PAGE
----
But the exercise of predictability and deferral of capital gains taxes may be only one of the benefits determined during sessions with a professional adviser. Significant cash and legal protections are available by including family trust provisions in the freeze transaction.
A family trust is a method of managing a family's assets and incomes. It is created for tax, legal, and estate planning purposes, usually by a senior family member. The settlor may be a trustee and/or a beneficiary, depending on the purpose of the trust. But unlike the situations described above, instead of the children subscribing for the new common shares of the corporation at the time of the freeze, the common shares are purchased by the family trust.
The parents are still able to direct the trust to pay them as they require through their preferred shares, which they hold directly.
The family trust is tax-efficient because of its infinitely variable income-allocation ability. It is also flexible in that the annual income generated by the business or investment portfolio may be directed to one or more of the beneficiaries on an as-required basis.
The ratio of the total payout to the beneficiaries can be varied from year to year. As an additional advantage, funds paid to the beneficiaries can often be targeted to the type of income allocated.
All of this has significant implications for after-tax income - and really, it is only after-tax amounts that really count.
For example, in the normal course of events, a top tax-bracket individual who earns a $35,000 investment income must add that income on top of other incomes. So the after-tax investment income available for the family will only be approximately $19,250. But if that same individual had created a family trust, the same amount of investment earnings judiciously allocated and now taxed in the lowest tax bracket would result in approximately $28,000 in income available for the family.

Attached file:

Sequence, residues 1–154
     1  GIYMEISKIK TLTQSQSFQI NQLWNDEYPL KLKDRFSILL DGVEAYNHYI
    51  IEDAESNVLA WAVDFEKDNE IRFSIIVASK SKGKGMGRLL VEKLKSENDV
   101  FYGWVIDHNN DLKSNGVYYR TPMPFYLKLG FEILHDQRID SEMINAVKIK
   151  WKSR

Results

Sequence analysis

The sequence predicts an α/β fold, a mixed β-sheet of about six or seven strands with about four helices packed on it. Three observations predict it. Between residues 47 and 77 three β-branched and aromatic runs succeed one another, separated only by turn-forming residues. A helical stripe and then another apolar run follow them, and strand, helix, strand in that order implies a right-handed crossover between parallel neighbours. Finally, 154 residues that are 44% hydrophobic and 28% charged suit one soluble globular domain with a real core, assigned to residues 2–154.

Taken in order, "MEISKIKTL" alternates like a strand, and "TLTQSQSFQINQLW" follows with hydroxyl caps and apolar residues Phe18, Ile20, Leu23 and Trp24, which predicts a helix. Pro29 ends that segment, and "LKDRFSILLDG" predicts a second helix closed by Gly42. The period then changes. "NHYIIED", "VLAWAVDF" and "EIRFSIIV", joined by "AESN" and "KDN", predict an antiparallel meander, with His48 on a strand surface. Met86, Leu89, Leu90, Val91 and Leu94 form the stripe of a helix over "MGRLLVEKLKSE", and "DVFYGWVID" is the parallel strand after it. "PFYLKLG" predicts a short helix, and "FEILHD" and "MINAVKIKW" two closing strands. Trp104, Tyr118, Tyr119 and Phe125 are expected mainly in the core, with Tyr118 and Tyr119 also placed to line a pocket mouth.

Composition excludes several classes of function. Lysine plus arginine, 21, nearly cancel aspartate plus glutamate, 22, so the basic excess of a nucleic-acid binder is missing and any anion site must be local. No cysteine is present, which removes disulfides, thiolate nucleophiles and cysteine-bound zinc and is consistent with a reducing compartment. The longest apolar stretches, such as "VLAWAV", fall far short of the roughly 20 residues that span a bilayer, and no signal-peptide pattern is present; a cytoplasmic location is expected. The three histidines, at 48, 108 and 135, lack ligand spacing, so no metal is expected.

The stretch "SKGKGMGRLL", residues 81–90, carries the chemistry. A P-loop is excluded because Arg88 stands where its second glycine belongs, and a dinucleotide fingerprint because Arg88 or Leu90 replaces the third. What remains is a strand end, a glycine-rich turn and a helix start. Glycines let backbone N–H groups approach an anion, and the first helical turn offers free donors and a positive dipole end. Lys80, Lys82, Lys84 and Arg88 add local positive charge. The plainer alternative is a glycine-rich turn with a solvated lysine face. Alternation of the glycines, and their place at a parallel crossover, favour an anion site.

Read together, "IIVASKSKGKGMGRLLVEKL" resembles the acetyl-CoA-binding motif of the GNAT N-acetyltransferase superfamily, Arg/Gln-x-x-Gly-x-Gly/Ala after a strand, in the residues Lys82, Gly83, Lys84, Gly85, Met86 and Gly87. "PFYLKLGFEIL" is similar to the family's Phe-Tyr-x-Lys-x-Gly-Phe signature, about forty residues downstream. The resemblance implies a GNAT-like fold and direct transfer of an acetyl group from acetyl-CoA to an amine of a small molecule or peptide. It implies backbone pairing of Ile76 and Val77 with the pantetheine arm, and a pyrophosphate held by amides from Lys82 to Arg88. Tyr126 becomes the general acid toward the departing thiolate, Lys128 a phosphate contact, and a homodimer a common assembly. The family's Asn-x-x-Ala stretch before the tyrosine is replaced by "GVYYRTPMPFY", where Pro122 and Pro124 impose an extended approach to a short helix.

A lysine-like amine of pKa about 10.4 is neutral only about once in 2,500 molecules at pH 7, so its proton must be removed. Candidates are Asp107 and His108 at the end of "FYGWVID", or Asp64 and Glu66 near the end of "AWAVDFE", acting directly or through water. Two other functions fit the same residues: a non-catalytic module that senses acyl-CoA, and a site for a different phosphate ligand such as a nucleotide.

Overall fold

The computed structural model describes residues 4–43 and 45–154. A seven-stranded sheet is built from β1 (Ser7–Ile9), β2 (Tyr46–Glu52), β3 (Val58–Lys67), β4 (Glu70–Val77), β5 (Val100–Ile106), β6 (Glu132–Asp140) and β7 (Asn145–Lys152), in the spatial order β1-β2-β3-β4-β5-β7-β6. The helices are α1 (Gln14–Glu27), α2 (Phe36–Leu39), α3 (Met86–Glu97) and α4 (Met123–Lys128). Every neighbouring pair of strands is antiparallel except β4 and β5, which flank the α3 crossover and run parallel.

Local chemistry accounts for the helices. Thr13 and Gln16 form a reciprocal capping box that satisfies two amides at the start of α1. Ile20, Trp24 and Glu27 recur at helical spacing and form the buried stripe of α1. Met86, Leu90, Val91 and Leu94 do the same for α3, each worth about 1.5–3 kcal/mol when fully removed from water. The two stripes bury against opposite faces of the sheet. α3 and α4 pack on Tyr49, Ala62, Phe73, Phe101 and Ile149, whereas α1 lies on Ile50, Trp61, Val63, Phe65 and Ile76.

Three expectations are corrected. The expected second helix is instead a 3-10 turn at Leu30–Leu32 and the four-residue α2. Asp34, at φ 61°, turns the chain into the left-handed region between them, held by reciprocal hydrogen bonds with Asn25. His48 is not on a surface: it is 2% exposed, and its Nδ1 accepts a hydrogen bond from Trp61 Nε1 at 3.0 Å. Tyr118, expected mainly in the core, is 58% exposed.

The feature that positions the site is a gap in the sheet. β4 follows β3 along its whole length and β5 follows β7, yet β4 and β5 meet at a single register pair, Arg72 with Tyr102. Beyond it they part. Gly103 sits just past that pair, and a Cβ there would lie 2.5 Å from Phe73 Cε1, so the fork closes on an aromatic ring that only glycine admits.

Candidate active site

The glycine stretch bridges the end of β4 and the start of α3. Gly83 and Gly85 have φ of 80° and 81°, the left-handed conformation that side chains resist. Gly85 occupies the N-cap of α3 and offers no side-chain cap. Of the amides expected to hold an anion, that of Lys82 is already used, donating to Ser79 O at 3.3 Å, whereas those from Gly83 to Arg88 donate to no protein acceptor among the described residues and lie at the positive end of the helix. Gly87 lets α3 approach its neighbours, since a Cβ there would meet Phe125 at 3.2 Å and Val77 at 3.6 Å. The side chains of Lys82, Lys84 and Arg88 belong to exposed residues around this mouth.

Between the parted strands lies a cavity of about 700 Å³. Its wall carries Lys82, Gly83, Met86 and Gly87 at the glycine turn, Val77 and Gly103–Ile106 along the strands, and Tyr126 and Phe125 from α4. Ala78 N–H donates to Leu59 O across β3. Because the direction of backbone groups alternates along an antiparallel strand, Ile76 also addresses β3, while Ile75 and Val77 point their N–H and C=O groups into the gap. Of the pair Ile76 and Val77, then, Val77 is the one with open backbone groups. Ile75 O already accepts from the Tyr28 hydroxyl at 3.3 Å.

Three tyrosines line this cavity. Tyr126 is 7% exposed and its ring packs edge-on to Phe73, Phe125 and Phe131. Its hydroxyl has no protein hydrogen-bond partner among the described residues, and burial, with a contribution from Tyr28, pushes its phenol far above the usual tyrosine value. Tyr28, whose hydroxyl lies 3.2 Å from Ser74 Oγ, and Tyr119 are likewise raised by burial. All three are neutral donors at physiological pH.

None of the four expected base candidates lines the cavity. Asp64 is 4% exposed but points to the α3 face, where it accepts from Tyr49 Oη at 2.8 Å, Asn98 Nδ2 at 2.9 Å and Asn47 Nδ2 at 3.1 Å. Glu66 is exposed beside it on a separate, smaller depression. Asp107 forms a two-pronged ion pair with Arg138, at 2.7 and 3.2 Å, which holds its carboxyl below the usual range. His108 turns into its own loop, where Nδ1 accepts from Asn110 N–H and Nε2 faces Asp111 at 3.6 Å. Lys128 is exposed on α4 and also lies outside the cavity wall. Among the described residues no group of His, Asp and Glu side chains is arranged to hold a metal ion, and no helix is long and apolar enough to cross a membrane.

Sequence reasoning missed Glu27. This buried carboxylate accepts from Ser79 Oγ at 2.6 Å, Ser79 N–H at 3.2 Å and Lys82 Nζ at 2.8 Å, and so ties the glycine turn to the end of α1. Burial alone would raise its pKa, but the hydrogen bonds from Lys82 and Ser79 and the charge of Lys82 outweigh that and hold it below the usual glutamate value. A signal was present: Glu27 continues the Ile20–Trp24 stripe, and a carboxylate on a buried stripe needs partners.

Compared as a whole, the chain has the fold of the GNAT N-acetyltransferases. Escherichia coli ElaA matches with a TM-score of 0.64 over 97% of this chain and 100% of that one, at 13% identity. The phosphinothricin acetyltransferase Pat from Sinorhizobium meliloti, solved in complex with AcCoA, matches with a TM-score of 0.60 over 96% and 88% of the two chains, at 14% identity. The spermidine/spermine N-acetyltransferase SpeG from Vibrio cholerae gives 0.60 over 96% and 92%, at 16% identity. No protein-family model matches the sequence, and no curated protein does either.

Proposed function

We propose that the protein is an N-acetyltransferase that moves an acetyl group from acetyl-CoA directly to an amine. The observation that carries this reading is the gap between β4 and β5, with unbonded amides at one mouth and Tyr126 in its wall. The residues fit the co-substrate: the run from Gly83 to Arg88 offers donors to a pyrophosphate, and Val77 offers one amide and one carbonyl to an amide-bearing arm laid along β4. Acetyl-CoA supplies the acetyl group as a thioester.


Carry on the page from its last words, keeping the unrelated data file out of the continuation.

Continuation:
It can be used to help fund your child or grandchild's education, or to provide financial assistance to a family member cstressed by medical or marital problems.
Although amounts paid to young adults will most likely be at a rate lower than the marginal rate of tax of the parents, beware the "kiddie tax" trap: Allocation of income to minor children will attract the highest applicable rate of personal tax, most likely defeating the tax minimization purpose of income allocation.
The practical advantages of the family trust range beyond reasons of cash maximization and selective allocation of funding, for the legal protections may be just as attractive as the tax rationale. The assets of the trust will always be beyond the reach of former and future spouses, and shielded from attack by creditors.
Considering the unfortunate reality of the current divorce rate, the legal protections afforded by a family trust may be considered just as important of a protection as its tax avoidance and income maximization potential.
This is the second part of a two-part series. Read the first article here.
Special to the Globe and Mail
Stephen C. Bark, CA, is co-author of The Estate Planning Toolkit for Business Owners: Building and Preserving Your Wealth , published by the Canadian Institute of Chartered Accountants. For more information or to order a copy please go to www.cica.ca/estateplan.Report Typo/Error